China’s biggest technology company has opened the latest version of its Harmony operating system to developers around the world
Huawei’s proprietary OS is crucial to the future of its smartphone business amid rigid US trade sanctions
About eight years ago, in a villa facing a lake in Shenzhen, a small group of senior Huawei Technologies executives headed by founder Ren Zhengfei held a closed-door meeting that lasted for several days.
Their mission was to brainstorm ideas on how Huawei should respond to the rising success of Google’s Android smartphone operating system (OS) around the world – software that it used on its own handsets. The underlying concern was that dependence on Android could render the company vulnerable to a US ban in the future.
That future has finally come to pass. In the face of rigid trade sanctions imposed by the Trump administration, Huawei on Thursday announced that its proprietary Harmony OS would be installed on all of its smartphones from next year.
“The latest version of Harmony OS has been officially opened to developers globally,” said Richard Yu Chengdong, chief executive of Huawei’s consumer business group, at the company’s developer conference held in the southern city of Dongguan.
“The Huawei mobile service system now has 1.8 million app developers and 490 million active users, as well as 96,000 apps,” said Yu, adding that the company is accelerating the buildout of an app ecosystem around Harmony.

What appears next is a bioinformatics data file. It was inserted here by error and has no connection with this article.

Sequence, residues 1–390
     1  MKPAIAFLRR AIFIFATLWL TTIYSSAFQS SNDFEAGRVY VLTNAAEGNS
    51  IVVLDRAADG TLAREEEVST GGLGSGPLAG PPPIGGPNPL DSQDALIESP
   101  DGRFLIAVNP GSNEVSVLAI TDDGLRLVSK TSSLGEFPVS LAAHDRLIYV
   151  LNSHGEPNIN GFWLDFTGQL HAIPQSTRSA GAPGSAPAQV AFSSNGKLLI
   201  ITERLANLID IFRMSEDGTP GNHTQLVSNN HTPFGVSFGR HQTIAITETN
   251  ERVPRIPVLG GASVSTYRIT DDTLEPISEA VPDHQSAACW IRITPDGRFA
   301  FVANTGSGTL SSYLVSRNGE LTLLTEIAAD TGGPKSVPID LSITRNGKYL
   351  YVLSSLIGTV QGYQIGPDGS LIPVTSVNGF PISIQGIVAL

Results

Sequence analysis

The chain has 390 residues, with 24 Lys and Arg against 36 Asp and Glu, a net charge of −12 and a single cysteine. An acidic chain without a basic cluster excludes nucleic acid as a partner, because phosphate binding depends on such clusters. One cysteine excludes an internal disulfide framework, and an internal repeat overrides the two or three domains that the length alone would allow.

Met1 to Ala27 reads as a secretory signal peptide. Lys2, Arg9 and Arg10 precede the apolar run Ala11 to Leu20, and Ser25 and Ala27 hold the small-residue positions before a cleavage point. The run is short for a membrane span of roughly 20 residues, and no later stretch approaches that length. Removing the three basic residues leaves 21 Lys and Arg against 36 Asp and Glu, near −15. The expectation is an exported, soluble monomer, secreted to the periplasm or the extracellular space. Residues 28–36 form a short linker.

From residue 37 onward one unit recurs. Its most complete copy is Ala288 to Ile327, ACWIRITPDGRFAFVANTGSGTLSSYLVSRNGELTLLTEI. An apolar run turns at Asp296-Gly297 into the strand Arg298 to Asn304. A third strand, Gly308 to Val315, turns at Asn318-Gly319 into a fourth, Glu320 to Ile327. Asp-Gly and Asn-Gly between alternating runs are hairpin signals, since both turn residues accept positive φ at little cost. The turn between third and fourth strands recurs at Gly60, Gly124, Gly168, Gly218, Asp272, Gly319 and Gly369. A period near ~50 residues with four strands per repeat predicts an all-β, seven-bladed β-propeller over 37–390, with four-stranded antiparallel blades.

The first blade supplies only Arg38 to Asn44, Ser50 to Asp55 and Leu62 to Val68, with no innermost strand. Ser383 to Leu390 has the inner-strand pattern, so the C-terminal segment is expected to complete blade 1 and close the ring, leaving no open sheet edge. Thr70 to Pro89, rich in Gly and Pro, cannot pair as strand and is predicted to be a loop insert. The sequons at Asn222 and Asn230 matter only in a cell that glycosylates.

The Harmony Operating System initiative has been pushed forward after Huawei was added to the US Entity List in May last year. That barred Google from providing technical support for new Huawei smartphone models using Android, and from Google Mobile Services, the bundle of developer services upon which most Android apps are based.
Some analysts, however, are sceptical about the ability of Harmony to replace Android, particularly in overseas markets where many users take Google apps such as YouTube and Gmail for granted.
“Even if Huawei builds up more momentum with developers, they are swimming upstream trying to convince them to invest the time in migrating their apps over [from Android], especially for a relatively small installed base of users at the moment,” said Bryan Ma, vice-president of devices research at tech research firm IDC. “Moreover, Google itself is unlikely to make its first party apps available, which is the bigger problem.”
Huawei has said Harmony, a microkernel-based distributed OS, can be used in everything from smartphones to smart speakers, wearables and in-vehicle systems to create a shared ecosystem across devices.
The Harmony announcement came days after the Post reported that Huawei is trying to raise funds from its employees, as China’s biggest tech company struggles with the impact of US trade sanctions, citing three people familiar with the matter.
Huawei, also the world’s largest telecommunications equipment maker and currently biggest smartphone vendor, adopted a new rule on profit dividends that allows its employees to buy virtual shares worth 25 per cent of their income from the past five years, the people said. A Huawei spokeswoman declined to comment on Monday.
The article is originally published at SCMP.